From Henry Lee
Alexa. Jany 15th. 1813
I cannot refrain from expressing to you my apprehensions on a subject which mater[i]ally affects the public interest, & which from yr. course of life may escape your attention until too late for yr interposition.
I would have waited on you for this purpose, but my painful face & the coldness of the season alike forbid me.1
The corps lately under the command of Brigadier Smythe have been placed in winter quarters twelve miles only from the water which washes the enemys post at Queenstown. This water is narrow, less than one quarter of a mile as I am informed & the country from thence to our camp, open & easy of penetration. General Brock is dead & his successor is considered as very inferior to him in activity & enterprize. But it does not require a leader of Brocks sagacity & fire to seize the inviting opportunity of breaking up our winter quarters & the most cogent considerations urge the enemy to the attempt.
I humbly conceive that the subject is worthy of yr immediate consideration & I cannot help declaring as my unalterable opinion, that the corps ought to be removed at least twenty five miles from the enemys post. This change in our position removes the danger of a sudden nocturnal attack & is equally convenient for the resumption of offence in the spring, as that now occupied, which is only half the distance from the enemy.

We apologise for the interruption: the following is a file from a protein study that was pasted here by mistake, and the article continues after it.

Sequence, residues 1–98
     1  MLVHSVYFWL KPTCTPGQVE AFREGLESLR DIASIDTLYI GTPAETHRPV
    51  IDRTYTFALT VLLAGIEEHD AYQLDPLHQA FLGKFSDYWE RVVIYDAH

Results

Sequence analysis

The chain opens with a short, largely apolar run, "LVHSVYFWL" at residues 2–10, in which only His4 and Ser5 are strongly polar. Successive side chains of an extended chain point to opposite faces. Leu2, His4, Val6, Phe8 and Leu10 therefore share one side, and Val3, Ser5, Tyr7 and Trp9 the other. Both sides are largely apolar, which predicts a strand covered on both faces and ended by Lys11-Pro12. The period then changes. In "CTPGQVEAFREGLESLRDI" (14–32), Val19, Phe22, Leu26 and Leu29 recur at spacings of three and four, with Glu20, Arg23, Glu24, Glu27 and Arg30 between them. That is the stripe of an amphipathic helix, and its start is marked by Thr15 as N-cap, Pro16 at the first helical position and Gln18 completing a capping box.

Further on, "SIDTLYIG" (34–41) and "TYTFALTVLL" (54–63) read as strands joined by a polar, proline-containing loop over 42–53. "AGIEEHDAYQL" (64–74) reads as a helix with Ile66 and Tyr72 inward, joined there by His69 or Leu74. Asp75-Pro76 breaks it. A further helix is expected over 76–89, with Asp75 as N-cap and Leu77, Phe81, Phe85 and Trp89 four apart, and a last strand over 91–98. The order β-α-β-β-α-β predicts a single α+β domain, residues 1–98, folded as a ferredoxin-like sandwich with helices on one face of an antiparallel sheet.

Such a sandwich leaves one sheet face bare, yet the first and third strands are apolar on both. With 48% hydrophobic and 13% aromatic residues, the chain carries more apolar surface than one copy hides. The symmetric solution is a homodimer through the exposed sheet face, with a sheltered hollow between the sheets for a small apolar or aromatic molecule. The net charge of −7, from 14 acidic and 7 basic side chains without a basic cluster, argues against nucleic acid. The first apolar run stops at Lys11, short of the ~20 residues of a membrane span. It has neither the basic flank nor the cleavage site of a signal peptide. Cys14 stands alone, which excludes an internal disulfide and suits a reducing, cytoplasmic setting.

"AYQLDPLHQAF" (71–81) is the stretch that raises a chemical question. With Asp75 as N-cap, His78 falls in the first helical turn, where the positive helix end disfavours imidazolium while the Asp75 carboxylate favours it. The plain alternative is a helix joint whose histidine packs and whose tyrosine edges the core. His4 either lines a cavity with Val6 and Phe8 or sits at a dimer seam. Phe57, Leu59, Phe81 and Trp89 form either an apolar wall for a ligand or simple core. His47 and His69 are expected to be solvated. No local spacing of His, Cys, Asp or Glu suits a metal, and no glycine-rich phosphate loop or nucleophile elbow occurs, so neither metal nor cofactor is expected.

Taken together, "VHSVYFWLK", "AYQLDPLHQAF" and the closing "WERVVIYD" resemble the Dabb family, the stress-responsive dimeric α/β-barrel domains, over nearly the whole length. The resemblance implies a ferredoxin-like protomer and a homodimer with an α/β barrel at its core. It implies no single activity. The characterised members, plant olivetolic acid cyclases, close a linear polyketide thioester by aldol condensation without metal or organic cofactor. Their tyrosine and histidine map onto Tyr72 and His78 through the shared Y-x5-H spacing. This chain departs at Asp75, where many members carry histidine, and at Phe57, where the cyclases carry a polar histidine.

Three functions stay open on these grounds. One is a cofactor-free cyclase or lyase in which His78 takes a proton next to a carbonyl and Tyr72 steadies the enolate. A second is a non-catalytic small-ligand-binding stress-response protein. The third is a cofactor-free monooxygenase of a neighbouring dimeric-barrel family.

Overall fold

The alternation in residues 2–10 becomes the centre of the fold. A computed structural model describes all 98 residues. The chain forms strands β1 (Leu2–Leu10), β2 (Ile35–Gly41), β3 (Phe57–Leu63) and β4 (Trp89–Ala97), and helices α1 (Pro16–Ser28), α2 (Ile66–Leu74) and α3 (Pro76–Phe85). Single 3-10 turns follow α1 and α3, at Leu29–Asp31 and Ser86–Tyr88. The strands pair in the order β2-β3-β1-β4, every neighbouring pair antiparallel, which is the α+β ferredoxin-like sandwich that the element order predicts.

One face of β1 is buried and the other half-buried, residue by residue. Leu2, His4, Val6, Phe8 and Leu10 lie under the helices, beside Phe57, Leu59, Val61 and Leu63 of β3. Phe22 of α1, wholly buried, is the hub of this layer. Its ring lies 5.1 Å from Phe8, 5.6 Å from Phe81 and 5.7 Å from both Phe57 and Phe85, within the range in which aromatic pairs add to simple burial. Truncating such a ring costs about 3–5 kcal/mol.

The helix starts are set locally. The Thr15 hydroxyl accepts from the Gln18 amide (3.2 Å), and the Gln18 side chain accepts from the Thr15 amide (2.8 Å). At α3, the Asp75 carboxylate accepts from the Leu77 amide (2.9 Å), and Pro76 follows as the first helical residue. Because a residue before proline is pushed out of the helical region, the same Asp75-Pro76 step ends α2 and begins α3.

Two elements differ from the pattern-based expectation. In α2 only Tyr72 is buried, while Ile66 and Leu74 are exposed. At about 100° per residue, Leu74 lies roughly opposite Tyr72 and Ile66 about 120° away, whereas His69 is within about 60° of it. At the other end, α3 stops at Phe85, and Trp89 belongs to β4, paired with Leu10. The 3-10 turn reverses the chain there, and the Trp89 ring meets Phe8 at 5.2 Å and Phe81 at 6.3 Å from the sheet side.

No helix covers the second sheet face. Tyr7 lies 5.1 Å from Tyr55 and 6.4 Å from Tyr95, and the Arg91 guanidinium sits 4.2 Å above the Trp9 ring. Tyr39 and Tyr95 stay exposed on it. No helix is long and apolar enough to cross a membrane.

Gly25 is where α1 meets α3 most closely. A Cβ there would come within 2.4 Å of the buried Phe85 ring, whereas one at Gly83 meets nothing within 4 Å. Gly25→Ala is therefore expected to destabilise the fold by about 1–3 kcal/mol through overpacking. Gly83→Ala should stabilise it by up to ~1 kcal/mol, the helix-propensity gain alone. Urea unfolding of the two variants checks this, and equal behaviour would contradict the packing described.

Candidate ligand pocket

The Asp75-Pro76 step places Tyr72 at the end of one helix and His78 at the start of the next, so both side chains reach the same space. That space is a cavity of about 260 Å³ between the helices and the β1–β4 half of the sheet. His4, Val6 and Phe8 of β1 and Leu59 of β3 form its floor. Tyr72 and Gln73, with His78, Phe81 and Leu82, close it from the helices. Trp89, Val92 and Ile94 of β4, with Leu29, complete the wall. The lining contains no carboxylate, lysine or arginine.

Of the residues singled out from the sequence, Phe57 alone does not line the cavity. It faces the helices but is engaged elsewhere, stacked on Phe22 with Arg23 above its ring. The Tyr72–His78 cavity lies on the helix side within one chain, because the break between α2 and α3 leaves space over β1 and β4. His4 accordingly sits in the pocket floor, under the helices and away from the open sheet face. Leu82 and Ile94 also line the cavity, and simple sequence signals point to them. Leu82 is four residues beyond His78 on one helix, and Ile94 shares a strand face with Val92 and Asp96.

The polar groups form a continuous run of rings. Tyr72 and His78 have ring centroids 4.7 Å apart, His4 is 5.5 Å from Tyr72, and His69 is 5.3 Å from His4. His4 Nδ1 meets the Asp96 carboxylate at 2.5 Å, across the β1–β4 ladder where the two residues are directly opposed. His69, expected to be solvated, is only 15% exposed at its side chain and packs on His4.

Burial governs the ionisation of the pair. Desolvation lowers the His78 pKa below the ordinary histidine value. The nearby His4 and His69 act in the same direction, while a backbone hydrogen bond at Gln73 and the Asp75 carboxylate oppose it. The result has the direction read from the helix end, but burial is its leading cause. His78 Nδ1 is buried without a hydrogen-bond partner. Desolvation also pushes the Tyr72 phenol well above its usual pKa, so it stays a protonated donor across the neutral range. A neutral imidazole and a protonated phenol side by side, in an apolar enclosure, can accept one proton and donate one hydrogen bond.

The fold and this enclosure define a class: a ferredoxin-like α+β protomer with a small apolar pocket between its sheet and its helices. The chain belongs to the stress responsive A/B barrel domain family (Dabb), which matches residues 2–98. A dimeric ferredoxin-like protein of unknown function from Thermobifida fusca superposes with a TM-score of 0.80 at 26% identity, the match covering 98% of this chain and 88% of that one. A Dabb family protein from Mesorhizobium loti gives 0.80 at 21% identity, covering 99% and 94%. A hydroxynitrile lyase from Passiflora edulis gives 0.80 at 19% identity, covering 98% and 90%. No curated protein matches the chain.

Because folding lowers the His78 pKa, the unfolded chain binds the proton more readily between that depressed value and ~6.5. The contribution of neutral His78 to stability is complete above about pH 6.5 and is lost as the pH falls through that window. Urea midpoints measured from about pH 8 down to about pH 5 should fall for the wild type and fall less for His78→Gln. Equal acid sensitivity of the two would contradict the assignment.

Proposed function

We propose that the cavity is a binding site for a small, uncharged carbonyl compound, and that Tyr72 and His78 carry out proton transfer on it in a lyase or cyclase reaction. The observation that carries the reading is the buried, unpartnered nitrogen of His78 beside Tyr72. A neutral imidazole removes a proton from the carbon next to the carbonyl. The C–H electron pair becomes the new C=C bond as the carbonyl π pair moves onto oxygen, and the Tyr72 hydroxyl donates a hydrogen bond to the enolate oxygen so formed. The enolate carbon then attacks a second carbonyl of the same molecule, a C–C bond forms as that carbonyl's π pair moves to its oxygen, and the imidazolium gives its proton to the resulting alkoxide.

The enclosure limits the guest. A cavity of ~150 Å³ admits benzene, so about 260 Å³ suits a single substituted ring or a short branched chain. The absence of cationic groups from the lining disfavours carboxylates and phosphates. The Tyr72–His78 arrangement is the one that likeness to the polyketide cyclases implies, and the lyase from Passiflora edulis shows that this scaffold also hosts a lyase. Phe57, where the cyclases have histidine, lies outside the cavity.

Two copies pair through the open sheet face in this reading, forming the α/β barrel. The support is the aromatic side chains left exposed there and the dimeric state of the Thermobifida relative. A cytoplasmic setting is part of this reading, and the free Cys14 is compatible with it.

I am sure you will impute my address to the motives which alone dictate it, & will only add my sincere & respectful wishes for yr. health & prosperity.
RC (DLC). Docketed by JM.
1. In the course of defending Federalist newspaper editor Alexander Hanson in Baltimore in July 1812, Lee was beaten and placed in jail, where he was again attacked and crippled. He never fully returned to health. Federalists urged him to write an account of the Baltimore riot, and A Correct Account of the Conduct of the Baltimore Mob, by Gen. Henry Lee, One of the Sufferers (Shaw and Shoemaker description begins R. R. Shaw and R. H. Shoemaker, comps., American Bibliography: A Preliminary Checklist for 1801–1819 (22 vols.; New York, 1958–66). description ends 31243) was published in Winchester, Virginia, in 1814, although it may have been written by another member of Hanson’s party rather than by Lee himself. In an attempt to find respite from his wounds, political enemies, and debts, Lee settled in the West Indies for five years before dying in 1818 on Cumberland Island, Georgia (Royster, Light-Horse Harry Lee, 3, 7, 232–33).